Thursday 4 June 2020

My Bubble Isn't Just Made of Luck

I'm not the person with the words or solution to any of this, but I can certainly lend a voice of support. I grew up in a very diverse family, given the time and place. The color of anyone's skin wasn't on my radar at all.

For the most part, as an adult, I have been lucky to live my life in my little bubble where I've surrounded myself with like minded people who accept each other, believe every one matters equally, and it matters not who your partner is, whether family is by blood or love or both, if or where you go to church, etc.

Every once in a while, that bubble gets punctured just a little. School age, I was first introduced to the idea that my aunts, uncles, cousins, step sisters couldn't possibly be my 'real' ones since our colors are all different.  Those questions still persist now, and while I think people are less judge-y and more genuinely curious as to how we all came to be a family, I still think it's insulting.  Then there's an ignorant comment here, a rude customer at work there. The hate on the news, the anger at immigration policies and foreign investment in local real estate.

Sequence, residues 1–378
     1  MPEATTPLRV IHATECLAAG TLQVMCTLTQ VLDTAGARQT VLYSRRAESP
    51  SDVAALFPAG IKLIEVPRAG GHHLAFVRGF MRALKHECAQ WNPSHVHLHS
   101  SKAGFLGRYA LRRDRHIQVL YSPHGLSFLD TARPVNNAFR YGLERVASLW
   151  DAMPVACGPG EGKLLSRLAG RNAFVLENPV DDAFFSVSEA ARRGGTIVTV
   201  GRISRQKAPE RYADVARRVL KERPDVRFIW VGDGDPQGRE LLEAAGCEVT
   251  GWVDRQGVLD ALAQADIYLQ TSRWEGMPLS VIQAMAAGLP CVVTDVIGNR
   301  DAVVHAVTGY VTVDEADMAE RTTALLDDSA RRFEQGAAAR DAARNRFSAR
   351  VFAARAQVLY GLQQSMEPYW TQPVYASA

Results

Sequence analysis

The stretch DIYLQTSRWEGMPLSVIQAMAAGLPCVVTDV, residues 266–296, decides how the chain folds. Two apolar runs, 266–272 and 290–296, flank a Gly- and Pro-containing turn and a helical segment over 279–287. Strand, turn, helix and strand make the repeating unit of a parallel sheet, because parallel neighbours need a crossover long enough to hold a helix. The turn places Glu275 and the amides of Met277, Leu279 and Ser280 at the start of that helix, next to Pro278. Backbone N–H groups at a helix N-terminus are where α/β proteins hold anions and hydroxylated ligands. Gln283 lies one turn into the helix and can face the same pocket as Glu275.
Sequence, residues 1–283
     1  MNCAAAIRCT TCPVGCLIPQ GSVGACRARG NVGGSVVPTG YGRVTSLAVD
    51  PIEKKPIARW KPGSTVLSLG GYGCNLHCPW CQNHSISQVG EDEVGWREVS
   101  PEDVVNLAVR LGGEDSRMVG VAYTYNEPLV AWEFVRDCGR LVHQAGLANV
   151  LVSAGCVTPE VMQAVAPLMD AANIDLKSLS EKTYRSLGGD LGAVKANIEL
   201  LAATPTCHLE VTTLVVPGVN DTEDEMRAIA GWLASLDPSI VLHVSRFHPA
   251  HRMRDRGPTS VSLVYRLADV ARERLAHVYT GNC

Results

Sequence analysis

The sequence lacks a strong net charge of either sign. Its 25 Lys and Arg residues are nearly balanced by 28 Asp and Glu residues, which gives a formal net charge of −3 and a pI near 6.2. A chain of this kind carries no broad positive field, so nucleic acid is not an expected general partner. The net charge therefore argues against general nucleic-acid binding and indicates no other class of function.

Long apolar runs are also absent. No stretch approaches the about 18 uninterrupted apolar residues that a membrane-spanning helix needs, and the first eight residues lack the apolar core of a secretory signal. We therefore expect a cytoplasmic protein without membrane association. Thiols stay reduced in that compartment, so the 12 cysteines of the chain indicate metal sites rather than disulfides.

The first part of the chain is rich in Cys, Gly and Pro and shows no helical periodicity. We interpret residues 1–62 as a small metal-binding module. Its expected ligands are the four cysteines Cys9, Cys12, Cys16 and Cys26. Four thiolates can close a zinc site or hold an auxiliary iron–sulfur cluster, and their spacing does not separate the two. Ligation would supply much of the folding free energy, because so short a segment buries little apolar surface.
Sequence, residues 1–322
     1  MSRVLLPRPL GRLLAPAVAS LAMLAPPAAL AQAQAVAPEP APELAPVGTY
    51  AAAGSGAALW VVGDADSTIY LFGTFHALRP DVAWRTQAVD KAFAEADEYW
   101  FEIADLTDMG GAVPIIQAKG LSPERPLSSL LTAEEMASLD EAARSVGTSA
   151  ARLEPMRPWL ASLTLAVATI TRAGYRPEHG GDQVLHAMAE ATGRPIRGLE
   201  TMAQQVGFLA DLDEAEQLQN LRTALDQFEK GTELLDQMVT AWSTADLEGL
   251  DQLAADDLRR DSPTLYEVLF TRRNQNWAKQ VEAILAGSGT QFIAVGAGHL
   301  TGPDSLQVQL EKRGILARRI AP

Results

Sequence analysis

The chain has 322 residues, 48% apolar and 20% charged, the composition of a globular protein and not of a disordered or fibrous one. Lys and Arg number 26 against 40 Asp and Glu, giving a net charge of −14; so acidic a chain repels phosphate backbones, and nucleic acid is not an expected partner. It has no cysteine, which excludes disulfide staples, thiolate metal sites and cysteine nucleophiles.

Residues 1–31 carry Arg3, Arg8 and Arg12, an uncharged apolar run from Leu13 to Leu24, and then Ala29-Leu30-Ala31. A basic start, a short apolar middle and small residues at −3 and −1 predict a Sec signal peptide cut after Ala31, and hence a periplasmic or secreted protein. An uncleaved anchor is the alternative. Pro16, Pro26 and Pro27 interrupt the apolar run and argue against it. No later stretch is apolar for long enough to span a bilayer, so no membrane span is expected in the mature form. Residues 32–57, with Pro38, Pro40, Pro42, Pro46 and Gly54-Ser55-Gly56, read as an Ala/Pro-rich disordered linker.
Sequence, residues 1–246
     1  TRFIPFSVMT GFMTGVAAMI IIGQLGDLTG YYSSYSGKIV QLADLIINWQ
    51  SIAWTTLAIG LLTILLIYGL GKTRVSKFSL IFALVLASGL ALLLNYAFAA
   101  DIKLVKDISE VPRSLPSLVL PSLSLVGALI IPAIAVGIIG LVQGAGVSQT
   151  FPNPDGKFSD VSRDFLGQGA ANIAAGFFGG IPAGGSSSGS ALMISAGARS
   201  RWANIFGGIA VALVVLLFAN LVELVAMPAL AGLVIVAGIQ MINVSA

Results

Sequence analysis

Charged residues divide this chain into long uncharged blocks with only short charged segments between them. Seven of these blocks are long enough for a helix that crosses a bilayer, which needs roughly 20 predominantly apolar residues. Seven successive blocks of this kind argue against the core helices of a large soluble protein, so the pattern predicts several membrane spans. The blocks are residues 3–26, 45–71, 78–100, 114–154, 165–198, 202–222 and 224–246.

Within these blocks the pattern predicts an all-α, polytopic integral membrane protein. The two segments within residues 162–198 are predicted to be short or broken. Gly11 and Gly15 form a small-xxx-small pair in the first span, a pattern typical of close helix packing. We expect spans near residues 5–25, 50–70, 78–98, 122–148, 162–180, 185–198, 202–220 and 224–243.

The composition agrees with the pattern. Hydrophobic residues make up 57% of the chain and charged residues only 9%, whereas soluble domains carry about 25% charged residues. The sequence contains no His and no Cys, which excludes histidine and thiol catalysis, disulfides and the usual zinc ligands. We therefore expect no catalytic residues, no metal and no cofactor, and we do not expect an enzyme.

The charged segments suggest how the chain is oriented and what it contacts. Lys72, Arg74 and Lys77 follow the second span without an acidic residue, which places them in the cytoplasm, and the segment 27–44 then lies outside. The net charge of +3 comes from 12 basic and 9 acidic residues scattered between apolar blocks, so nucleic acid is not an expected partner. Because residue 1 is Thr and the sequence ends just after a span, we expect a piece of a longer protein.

Still, the world is mostly a good place, right? People like me aren't the problem, right?

But, as has been pointed out to me, yes, I am part of the problem. My happy little bubble I exist in isn't just made of luck and my silence on that topic and willingness to avoid a potential confrontation could be taken as ignorance at best,  complicity at worst.

What I can do here is share a couple of links to people and organizations much more qualified to speak on the topic than I:

LWilliams has an excellent post with a ton of resources here.

For my Canadian friends, here is a another list of resources for you.


  1. Thank you - it can be tough, I understand. Living in California things are pretty liberal and diverse here which is why I am always caught off guard when something like casual racism or homophobia pops up. Like really? We're still needing to combat this? Honestly I do think there is a lot of hope for the future.

    1. We're generally super liberal here as well, so agreed at least it's good that it IS shocking and noticeable and people are apt to say something. It honestly also makes it difficult for me to really understand how it is so different elsewhere, but with the population and demographic change here in the last 10 years we're seeing some of it. My grandparents actually moved here back in the day because this was/is such a good place to raise a diverse family and/or be a little different than the norm, so I do have hopes that we've got a strong history here and newcomers to this area will learn a better way.